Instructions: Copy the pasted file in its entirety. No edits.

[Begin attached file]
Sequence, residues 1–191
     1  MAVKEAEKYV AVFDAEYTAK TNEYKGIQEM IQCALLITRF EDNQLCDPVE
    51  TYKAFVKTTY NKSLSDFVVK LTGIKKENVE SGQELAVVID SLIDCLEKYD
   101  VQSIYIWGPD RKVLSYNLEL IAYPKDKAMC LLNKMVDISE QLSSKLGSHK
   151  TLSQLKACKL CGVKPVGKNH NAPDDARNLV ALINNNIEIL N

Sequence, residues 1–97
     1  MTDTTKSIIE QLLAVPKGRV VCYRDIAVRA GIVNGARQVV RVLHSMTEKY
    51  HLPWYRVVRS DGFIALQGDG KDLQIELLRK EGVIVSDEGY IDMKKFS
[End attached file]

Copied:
Sequence, residues 1–191
     1  MAVKEAEKYV AVFDAEYTAK TNEYKGIQEM IQCALLITRF EDNQLCDPVE
    51  TYKAFVKTTY NKSLSDFVVK LTGIKKENVE SGQELAVVID SLIDCLEKYD
   101  VQSIYIWGPD RKVLSYNLEL IAYPKDKAMC LLNKMVDISE QLSSKLGSHK
   151  TLSQLKACKL CGVKPVGKNH NAPDDARNLV ALINNNIEIL N

Sequence, residues 1–97
     1  MTDTTKSIIE QLLAVPKGRV VCYRDIAVRA GIVNGARQVV RVLHSMTEKY
    51  HLPWYRVVRS DGFIALQGDG KDLQIELLRK EGVIVSDEGY IDMKKFS